TMC7 Agar


A Reflection of the Collaborative Working Relationship of a School and Public Library 

by Sarah Agar

What are the strengths and challenges of a shared space in a school and community library?  This paper will discuss the collaborative relationship between Nottawasaga Pines Secondary School (NPSS) and the Essa Public Library – Angus Branch (EPL) over the past five years, through the lens of the teacher-librarian. The demographics of the community and strengths and challenges of the Joint-Use Agreement between the school and public library are reviewed. The two entities collaborate daily and share resources. Suggestions for next steps for improvement of the Joint-Use Agreement from the teacher-librarian lens will be offered.

Sarah Agar brings a myriad of perspectives to Ontario’s Simcoe County District School Board. She grew up on a small family farm in rural Southwestern Ontario before landing in the City of Barrie for her teaching career. As a physics and teacher-librarian specialist, Sarah offers wide-ranging points of view and encourages interdisciplinary learning in the library. Sarah has taught combinations of science, math, physics, library and literacy for 15 years. She is passionate about supporting her colleagues and students with a focus on diversity and inclusion. Sarah enjoys learning so that she can share the most up-to-date information with her colleagues. Like the quote, “Give a man a fish and you feed him for a day. Teach him how to fish and you feed him for a lifetime” Sarah believes that if a teacher-librarian can impart their knowledge and skills to colleagues, her colleagues will become more confident in their own skills and share them with others for all to grow.

Read the paper.


  1. This is such an interesting concept. Do you find that it generally works on a day-to-day basis? For example, I know that I tolerate a lot more noise in my LLC that our local public libraries allow. Has there been any impact on circulation stats? Are students signing books out more because they have greater access? Thanks so much for sharing!

  2. Sarah, congratulations on producing such a timely paper. The Joint-Use-Agreement seems like it is such an important document that guides this special relationship. It's interesting to hear how the staff on the school side seems to change more frequently than the staff on the public library side. What does collection development look like in a shared space such as this? Do you purchase in collaboration with the public librarians? In this age of physical security breaches (in addition to privacy security breaches), I wonder if there's ever been any issues related to disruptive members of the public entering the school via the library (or vice versa - students disrupting the public library space) - when you have a school-wide lockdown, how does that work? There's a school in my board that shares the space with another school board - I'd love to see how their experience is similar or different to yours. Thanks for sharing your paper (and I hope to see you at OLA SC 2023!)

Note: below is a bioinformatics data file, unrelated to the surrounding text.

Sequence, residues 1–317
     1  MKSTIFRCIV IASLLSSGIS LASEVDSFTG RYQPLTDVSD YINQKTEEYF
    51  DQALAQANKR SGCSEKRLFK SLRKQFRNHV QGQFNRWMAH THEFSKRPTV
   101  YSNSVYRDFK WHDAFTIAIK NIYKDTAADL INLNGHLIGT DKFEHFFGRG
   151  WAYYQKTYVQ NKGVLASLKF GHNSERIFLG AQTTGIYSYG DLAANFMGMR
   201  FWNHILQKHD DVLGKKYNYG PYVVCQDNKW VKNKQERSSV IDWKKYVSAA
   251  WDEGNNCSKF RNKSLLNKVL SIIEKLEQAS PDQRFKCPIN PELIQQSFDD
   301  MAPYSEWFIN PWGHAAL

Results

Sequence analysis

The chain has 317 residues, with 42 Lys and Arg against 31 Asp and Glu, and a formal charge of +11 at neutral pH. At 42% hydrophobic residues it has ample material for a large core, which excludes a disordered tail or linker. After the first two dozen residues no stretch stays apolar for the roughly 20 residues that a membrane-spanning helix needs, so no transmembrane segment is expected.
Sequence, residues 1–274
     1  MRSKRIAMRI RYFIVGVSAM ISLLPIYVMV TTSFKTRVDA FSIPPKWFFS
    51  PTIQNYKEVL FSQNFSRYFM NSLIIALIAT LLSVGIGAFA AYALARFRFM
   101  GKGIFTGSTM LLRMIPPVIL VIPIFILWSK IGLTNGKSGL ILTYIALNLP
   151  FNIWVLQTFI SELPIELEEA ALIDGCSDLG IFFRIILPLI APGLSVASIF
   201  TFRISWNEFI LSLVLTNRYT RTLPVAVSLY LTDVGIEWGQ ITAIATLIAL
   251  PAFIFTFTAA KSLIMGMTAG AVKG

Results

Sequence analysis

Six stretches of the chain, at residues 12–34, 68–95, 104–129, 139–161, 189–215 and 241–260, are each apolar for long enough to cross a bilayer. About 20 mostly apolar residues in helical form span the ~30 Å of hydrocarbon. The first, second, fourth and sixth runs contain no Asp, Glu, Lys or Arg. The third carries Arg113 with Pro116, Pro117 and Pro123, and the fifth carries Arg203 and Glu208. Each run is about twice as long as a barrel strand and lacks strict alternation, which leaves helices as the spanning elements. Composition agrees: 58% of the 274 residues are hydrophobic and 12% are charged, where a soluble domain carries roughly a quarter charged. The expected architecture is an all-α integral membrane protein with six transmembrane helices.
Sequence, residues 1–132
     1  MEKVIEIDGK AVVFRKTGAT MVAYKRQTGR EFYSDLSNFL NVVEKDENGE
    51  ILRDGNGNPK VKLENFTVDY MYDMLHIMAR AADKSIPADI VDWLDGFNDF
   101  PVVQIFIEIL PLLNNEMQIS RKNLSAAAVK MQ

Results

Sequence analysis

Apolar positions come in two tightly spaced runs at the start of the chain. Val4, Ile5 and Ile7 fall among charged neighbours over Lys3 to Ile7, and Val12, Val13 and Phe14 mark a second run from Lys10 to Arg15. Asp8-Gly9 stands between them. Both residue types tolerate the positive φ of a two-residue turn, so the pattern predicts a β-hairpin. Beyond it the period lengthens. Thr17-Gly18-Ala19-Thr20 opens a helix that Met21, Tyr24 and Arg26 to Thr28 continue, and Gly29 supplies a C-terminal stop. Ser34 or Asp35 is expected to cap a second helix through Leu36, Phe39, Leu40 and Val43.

Diana M

  3. So many papers for TM emphasize the turnover in teacher librarians. This seems like a major problem. Why?
    It would seem that the TL would have much more time to coteach. If that is true, then the benefits could be incredible. Seems like a dream job to me. Talk to us more about this at TM.

  4. Hi Sarah,
    This is a fascinating discussion as we have several very small high schools < 200 students with public libraries in close proximity but not actually in the schools. Those public library spaces are faced with aging infrastructure and this might be a reasonable way forward, but it is not without pitfalls as you noted. Definitely will help us as we navigate these partnerships moving forward. I am working with one TL in McBride, BC where they have 70 high schoolers, and that TL collaborates a lot with the public library as she gets just half a day library time all year, which is not a lot to build skills. I forwarded this paper to her as we begin this discussion around how do we, with our limited funding, help bridge that gap between our public and school TLs in a rural community.


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